If you’ve ever wanted to test your beer geekiness, set your alarm for 3 AM so you can get up, drive to a different state, and wait in the rain for hours for a beer.
If you actually get up and do it, you’re as big a beer geek as me (but possibly not as tough as these guys).
Monday, March 1st was Kate the Great Day at the Portsmouth Brewery, the latest uber-hyped beer release in the craft beer world. In December of 2007, Beer Advocate magazine named Portsmouth’s Russian Imperial Stout Kate the Great the best beer in America – and the second best in the world. The stout also clocks in as part of the 100th percentile club here on RateBeer, and reviews around the web give the beer really high marks. The love of the well-brewed beer, along with it’s rarity (the brewery only has the capacity to brew about 10 barrels a batch) makes Kate one of the “gotta catch ‘em all” white whales of the craft beer community.
Portsmouth had an elegantly simple setup for the release, based around some capacity problems created by the huge number of people buying the beer in bottles and on draft last year. While the 2009 release saw the bottles and tapping of the kegs happen at the same time, in 2010 the releases were staggered. Around 4:30 in the morning, a Portsmouth employee started to give out pages from a page-a-day calendar to the line at the door of the brewery. Each page promised 2 bottles of Kate the Great, with bottle sales starting at 9 AM. The restaurant and bar were then opening at 11, and the kegs of Kate were tapped at 11:30. The aim was to allow people only getting bottles to get in and out quickly, and to prevent the restaurant from filling to capacity before everyone could get in and try there beer.
My crew (myself, my pal Ryan, Luke from BlogAboutBeer.com and our significant others) made it to Portsmouth around 4:50 and received December calendar pages – which means over 350 people had already been through. If you’re wondering how much the hype has grown for this beer in the last year, in 2009 I arrived after 9 and only got a page a few days later in the calendar. By a bit after 5, all the bottles were spoken for. At this point, the line for a table in the brewery – and Kate the Great on tap – was already stretching around the blog.
With calendar pages in hand, our group retreated to a local cafe to warm up, get out of the rain, and caffeinate. By the time we meandered back to the brewery around 8, the line for the brewery opening stretched around the block. There was a bit of confusion in the crowd about exactly who got bottles, what the line was for, and some other specifics of the event. Of course, there were also a few grouchy folks that didn’t get their pages and weren’t happy about a wait of at least 3 hours until the pub opening. In general the line was cheerful and upbeat despite the weather.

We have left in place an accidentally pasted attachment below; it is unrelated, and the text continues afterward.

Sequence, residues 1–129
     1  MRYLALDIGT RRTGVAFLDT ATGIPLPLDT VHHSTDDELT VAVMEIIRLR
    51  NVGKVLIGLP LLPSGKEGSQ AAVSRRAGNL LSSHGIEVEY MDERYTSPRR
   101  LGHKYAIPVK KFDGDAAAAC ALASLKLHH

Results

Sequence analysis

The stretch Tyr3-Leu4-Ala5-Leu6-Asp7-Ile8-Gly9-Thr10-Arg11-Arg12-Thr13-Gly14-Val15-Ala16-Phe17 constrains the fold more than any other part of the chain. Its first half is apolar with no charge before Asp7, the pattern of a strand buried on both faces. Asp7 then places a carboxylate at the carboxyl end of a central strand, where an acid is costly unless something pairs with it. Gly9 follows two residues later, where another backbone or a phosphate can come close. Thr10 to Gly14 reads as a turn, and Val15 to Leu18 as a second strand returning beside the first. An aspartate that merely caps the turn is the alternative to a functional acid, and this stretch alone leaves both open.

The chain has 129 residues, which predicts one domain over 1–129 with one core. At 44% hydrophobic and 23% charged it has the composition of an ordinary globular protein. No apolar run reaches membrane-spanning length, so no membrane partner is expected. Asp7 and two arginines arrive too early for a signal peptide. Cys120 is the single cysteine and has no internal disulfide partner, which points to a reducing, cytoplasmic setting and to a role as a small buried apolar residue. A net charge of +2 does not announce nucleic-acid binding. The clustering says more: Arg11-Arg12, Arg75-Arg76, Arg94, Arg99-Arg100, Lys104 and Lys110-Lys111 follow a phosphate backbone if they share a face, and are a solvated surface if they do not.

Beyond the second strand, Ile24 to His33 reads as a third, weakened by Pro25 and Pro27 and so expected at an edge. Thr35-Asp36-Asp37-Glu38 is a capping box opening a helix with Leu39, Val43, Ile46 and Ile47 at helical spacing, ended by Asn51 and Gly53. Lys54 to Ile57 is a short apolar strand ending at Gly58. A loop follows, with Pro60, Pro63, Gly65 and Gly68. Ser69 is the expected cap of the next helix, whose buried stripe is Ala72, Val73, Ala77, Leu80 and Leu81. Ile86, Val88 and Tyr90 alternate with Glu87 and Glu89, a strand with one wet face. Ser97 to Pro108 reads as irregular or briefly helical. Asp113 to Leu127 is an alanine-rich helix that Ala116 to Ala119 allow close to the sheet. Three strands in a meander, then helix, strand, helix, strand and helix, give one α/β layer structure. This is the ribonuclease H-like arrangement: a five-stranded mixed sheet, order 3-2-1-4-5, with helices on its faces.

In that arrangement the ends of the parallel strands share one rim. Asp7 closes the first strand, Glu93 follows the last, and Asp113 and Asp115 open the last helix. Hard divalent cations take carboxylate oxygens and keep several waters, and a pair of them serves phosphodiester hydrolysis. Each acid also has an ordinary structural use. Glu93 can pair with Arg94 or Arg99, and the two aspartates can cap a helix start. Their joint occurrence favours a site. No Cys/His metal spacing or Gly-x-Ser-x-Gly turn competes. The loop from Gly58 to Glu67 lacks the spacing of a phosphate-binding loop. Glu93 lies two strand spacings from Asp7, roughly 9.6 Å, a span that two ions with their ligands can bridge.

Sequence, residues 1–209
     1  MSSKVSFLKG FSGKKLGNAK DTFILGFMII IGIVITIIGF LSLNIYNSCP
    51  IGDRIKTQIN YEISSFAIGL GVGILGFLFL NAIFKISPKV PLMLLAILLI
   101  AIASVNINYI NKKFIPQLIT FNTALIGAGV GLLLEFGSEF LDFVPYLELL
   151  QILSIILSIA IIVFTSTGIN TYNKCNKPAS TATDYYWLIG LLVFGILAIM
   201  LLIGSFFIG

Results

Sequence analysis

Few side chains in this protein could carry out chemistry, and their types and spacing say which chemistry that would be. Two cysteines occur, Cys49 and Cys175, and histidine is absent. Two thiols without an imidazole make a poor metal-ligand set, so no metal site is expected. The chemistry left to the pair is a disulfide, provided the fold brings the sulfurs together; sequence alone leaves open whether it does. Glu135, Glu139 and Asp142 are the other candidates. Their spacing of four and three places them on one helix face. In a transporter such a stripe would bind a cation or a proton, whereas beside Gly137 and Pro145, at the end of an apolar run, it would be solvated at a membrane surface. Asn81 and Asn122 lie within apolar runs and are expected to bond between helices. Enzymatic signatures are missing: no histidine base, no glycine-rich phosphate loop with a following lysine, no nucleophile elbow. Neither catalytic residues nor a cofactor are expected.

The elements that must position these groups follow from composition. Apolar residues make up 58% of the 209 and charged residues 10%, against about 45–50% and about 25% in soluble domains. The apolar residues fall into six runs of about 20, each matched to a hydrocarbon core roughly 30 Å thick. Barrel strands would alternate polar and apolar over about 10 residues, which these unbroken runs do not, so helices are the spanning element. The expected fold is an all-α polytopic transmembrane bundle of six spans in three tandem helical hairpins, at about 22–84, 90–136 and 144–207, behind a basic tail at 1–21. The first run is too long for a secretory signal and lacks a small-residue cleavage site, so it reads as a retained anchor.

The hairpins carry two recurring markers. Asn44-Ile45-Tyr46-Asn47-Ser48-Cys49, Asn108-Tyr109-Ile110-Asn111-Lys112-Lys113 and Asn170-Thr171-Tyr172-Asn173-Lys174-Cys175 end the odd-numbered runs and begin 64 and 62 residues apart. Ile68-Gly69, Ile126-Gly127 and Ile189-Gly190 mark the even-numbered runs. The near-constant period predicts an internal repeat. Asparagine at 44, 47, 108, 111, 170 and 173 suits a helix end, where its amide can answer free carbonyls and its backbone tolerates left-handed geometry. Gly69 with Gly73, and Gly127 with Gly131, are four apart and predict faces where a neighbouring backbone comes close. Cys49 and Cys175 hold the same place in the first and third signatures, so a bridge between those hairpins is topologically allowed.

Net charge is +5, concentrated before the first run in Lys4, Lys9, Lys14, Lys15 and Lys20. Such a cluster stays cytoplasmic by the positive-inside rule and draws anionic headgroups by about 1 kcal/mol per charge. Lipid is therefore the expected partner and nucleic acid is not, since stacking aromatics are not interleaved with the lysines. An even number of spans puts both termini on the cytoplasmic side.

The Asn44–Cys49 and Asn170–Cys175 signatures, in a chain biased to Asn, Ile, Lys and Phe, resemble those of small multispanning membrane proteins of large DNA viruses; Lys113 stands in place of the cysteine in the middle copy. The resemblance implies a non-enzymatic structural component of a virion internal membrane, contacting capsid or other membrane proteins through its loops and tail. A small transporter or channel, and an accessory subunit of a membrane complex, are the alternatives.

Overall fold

Last year, I wrote about the long wait to get in and buy my bottles – a few hours out in the February cold. This year, things were much, much smoother as soon as bottle sales started. The group of page-holders huddled around the brewery entrance, and by 9:30 or so our December group was already through the door. A trip down the stairs to Portsmouth’s downstairs bar, and minutes later we were each 20 bucks lighter and 2 bottles of Kate the Great richer.
During out pre-dawn drive, we all discussed staying in Portsmouth to give Kate a shot on tap – but our tune changed when we saw the rain-soaked line wrapping around the block before 10 AM. Talking amongst ourselves about discretion, valor, and so on, we decided instead to hit the tours of Smuttynose and Redhook for some more great local beer before heading back to Maine. It sounds like we might have been a bit premature – most everyone in line at that point got into the restaurant before one in the afternoon, and you could pretty much walk right into the bar and try the brew on tap during the late afternoon.
By 5:30, the 2010 batch of Kate was all gone.
Kudos to the staff at Portsmouth and (most of) the crowd of beer lovers for making Kate the Great day such a fun, successful release. I’m sure I wasn’t the only RateBeerian at the event – what did everyone else think of the Portsmouth Brewery’s most notorious release?
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